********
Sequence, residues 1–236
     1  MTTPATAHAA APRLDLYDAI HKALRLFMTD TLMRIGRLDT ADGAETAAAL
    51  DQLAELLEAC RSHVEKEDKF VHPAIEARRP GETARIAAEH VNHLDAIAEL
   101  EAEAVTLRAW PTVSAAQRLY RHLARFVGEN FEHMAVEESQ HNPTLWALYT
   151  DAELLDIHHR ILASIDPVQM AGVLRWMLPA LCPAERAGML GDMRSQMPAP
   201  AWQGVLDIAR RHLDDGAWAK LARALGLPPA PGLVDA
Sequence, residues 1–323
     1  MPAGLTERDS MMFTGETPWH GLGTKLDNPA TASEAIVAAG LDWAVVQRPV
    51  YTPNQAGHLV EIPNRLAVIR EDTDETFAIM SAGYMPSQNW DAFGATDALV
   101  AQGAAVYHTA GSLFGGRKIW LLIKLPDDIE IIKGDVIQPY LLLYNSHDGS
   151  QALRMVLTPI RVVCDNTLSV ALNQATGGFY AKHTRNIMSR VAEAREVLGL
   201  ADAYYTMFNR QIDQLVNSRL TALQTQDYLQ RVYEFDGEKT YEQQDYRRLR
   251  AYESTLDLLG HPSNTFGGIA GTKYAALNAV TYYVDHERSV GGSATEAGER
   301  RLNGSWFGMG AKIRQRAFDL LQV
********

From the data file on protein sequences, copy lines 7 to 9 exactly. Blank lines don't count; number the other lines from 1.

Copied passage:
Sequence, residues 1–323
     1  MPAGLTERDS MMFTGETPWH GLGTKLDNPA TASEAIVAAG LDWAVVQRPV
    51  YTPNQAGHLV EIPNRLAVIR EDTDETFAIM SAGYMPSQNW DAFGATDALV